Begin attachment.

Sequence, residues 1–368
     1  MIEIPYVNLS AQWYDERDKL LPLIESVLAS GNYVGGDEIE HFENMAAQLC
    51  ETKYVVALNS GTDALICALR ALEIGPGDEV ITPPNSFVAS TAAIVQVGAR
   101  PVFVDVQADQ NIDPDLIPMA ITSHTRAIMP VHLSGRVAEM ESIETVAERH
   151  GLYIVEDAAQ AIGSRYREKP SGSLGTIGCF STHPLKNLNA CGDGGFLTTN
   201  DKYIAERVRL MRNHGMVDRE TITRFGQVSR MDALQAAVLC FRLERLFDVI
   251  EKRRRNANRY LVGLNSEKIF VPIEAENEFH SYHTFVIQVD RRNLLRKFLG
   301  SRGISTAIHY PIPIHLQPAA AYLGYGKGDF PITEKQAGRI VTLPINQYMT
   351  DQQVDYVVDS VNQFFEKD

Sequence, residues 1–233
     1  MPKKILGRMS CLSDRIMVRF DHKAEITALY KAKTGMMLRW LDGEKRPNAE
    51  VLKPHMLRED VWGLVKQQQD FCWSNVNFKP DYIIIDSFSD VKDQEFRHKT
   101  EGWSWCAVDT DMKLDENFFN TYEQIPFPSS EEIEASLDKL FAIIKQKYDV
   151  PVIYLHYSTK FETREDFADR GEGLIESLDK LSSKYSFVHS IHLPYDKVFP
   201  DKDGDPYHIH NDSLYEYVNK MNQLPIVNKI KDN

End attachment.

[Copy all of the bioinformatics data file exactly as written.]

Sequence, residues 1–368
     1  MIEIPYVNLS AQWYDERDKL LPLIESVLAS GNYVGGDEIE HFENMAAQLC
    51  ETKYVVALNS GTDALICALR ALEIGPGDEV ITPPNSFVAS TAAIVQVGAR
   101  PVFVDVQADQ NIDPDLIPMA ITSHTRAIMP VHLSGRVAEM ESIETVAERH
   151  GLYIVEDAAQ AIGSRYREKP SGSLGTIGCF STHPLKNLNA CGDGGFLTTN
   201  DKYIAERVRL MRNHGMVDRE TITRFGQVSR MDALQAAVLC FRLERLFDVI
   251  EKRRRNANRY LVGLNSEKIF VPIEAENEFH SYHTFVIQVD RRNLLRKFLG
   301  SRGISTAIHY PIPIHLQPAA AYLGYGKGDF PITEKQAGRI VTLPINQYMT
   351  DQQVDYVVDS VNQFFEKD

Sequence, residues 1–233
     1  MPKKILGRMS CLSDRIMVRF DHKAEITALY KAKTGMMLRW LDGEKRPNAE
    51  VLKPHMLRED VWGLVKQQQD FCWSNVNFKP DYIIIDSFSD VKDQEFRHKT
   101  EGWSWCAVDT DMKLDENFFN TYEQIPFPSS EEIEASLDKL FAIIKQKYDV
   151  PVIYLHYSTK FETREDFADR GEGLIESLDK LSSKYSFVHS IHLPYDKVFP
   201  DKDGDPYHIH NDSLYEYVNK MNQLPIVNKI KDN